By Army Staff Sgt. Melissa McGaughey
303rd Maneuver Enhancement Brigade
SAGAMI DEPOT, Japan, July 10, 2015 – It is 15:07. Army Spc. Donna C. Moya stands up.
"Sir, the number of personnel on the ground is 4,721. In the last 24 hours we received enemy contact at two locations within Task Force Bayonet. Seventy-nine soldiers are being treated, 14 have been medically evacuated. Currently we are still operating at full strength. There are no additional issues. For the next 24 hours, we will continue to monitor any developing situations. Pending any questions, this concludes my brief."
There are no further questions. Moya sits down.
While the words may sound simple, a vast amount of work goes on behind the scenes in order to create that accurate picture of the battlefield. In the U.S. Army, that work is done by human resource soldiers in the S-1 -- the personnel section.
Moya is one of those soldiers, serving in the 303rd Maneuver Enhancement Brigade during annual training here as part of Exercise Imua Dawn.
Imua Dawn is a command post exercise created specifically for maneuver enhancement brigades. The exercise covers the fictional island of Tembago, and is designed to replicate the Pacific Command area of responsibility and exercise the brigade-level staff. Within the exercise, the S-1 must maintain accountability of almost 5,000 troops operating on a simulated battlefield of more than 236 square miles. Moya’s job is to make sure the numbers add up.
Moya joined the Army as a mechanic in 2010. After three years on active duty, she decided to continue her military career by joining the Army Reserve’s 303rd Maneuver Enhancement Brigade in Fort Shafter Flats, Hawaii, as a human resources specialist.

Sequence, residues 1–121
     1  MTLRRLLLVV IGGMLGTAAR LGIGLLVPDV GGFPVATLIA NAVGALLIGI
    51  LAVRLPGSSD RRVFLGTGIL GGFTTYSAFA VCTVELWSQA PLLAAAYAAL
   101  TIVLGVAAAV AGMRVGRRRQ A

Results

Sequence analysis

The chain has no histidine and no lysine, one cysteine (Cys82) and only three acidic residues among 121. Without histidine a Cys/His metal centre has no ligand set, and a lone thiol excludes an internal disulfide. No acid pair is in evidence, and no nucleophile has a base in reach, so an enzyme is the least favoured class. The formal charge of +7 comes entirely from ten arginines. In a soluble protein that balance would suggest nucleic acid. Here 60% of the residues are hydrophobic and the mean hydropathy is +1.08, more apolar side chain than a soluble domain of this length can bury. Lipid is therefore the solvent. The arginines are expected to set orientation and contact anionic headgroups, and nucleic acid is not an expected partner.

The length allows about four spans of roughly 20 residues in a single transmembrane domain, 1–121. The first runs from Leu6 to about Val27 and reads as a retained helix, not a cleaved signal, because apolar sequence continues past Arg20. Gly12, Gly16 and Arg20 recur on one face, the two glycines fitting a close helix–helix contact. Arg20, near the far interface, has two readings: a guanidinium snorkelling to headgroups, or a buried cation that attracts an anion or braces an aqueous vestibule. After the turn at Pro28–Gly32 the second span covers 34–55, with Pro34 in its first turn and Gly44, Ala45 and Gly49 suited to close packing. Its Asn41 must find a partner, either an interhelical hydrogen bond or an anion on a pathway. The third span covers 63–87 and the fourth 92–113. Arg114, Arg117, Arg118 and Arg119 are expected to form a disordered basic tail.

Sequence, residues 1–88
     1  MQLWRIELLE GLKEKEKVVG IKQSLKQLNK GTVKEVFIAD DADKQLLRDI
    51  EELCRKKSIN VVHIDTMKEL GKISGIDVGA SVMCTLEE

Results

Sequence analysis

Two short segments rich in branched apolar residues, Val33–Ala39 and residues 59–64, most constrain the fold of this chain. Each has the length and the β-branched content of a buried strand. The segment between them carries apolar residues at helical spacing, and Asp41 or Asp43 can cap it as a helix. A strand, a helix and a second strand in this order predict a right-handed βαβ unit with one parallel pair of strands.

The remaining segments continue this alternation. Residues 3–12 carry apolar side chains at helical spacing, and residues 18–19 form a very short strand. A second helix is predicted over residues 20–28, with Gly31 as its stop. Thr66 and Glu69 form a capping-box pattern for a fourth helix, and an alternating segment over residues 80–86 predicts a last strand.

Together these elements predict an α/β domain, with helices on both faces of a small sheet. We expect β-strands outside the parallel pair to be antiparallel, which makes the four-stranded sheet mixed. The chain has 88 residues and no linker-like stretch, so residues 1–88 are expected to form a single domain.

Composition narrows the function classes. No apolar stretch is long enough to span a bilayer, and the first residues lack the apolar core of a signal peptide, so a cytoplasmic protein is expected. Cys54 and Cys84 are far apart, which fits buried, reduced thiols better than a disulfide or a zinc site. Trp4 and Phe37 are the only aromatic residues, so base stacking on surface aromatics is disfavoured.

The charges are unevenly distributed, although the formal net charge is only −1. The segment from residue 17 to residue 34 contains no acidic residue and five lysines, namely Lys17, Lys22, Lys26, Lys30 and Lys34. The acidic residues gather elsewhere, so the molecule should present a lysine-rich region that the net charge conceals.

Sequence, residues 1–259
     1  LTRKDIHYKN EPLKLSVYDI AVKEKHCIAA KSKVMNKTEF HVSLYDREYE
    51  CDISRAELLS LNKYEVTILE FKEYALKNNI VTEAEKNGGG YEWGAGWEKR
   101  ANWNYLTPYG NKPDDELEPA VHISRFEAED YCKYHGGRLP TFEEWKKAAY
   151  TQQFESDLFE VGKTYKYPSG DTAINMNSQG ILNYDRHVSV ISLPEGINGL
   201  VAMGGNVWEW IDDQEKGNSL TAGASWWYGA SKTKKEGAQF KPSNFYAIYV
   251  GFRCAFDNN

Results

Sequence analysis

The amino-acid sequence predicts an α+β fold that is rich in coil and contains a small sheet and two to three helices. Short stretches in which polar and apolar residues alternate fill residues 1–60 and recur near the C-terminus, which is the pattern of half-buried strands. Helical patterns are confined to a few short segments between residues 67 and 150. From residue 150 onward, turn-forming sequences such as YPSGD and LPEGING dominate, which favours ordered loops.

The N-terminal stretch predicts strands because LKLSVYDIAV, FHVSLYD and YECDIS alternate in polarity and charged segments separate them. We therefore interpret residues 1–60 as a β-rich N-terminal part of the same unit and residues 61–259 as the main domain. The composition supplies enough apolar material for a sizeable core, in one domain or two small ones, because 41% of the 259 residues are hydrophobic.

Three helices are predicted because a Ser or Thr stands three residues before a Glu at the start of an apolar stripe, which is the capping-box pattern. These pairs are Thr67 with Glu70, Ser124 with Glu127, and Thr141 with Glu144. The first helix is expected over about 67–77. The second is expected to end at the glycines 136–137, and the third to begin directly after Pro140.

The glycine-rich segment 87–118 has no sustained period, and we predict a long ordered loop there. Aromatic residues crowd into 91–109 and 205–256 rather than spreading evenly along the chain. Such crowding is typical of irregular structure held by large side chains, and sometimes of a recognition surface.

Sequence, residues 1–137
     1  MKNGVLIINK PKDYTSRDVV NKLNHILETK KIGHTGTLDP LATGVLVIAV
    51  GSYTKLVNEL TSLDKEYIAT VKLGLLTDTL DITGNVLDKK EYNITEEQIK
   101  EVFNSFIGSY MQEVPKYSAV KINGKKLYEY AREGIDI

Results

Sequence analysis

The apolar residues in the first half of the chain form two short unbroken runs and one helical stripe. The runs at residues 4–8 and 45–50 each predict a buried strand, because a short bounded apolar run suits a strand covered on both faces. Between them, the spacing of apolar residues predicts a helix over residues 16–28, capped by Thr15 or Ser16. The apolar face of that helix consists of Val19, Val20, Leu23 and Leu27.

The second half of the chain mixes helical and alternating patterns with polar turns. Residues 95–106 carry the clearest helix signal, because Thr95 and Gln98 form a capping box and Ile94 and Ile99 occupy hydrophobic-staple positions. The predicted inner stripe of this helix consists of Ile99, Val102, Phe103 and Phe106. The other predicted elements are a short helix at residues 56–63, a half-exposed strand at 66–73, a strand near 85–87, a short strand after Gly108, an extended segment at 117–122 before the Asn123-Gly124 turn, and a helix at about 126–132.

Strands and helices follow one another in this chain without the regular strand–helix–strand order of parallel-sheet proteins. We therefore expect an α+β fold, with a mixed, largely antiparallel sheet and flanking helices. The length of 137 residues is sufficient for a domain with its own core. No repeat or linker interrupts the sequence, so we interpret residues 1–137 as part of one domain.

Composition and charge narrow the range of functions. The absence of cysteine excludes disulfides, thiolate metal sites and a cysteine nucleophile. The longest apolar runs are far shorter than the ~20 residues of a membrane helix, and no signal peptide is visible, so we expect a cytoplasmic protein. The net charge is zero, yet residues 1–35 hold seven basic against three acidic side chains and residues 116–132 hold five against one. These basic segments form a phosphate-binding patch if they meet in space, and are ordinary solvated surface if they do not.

Within six months of getting her new job, Moya accompanied the unit to their annual training -- a combat support training exercise that took place at Fort Hunter Liggett, California.
It was Moya’s first opportunity to see how a human resource specialist would work in a forward-deployed environment.
“At first, I found it different, going from turning wrenches to typing,” she said. “It was a huge change for me.”
She spent most of her time learning the roles and responsibilities of her new position. Along with the new work environment, Moya also had to deal with the simulated battlefield.
She recalled an incident during last year’s exercise when the scenario had the base being attacked by mortars. “I never had that level of realism in training before. Even on active duty, I didn’t have training like that,” she said. “It was very different.”
Responsibility for Accountability
This year, Moya has found her rhythm.
“I’ve gotten so much more proficient than last year,” said Moya. “This year I have perfected my ability to do my job.”
During exercise Imua Dawn, Moya is responsible for receiving and maintaining the personnel status from every subordinate unit in the brigade’s area of operations.
“We keep accountability of all the down-trace units, and their subordinate units,” Moya said.
It sounds simple, but accountability is more than just tracking numbers on paper.
“You’re not only accountable to the commander, you’re also accountable to the American public -- to the families,” said Lt. Col. Daniela A. Allen, the brigade’s senior human resource officer. “They need to know their loved ones are being taken care of while they do their job. Accountability is so critical.”
For the S-1, that means constantly monitoring the movement of every single soldier. Luckily for her, Moya said putting all the pieces together comes naturally.
A Numbers Puzzle
“I really like problem-solving,” Moya said. “For me, it’s fun. It’s a lot like solving puzzles. You have to figure out the numbers.”
In addition to tracking the numbers, Moya also prepares the daily brief for the commander which is an integral part of what the S-1 does.
“You give the commander a picture of who he has on the ground,” said Chief Warrant Officer Eric P. Hollis, a human resources technician in the 303rd Maneuver Enhancement Brigade and Moya’s supervisor. “That picture is what allows him to make decisions.”
A lot of times, Hollis added, the numbers don’t add up. "Specialist Moya has the ability to go in and find the missing piece."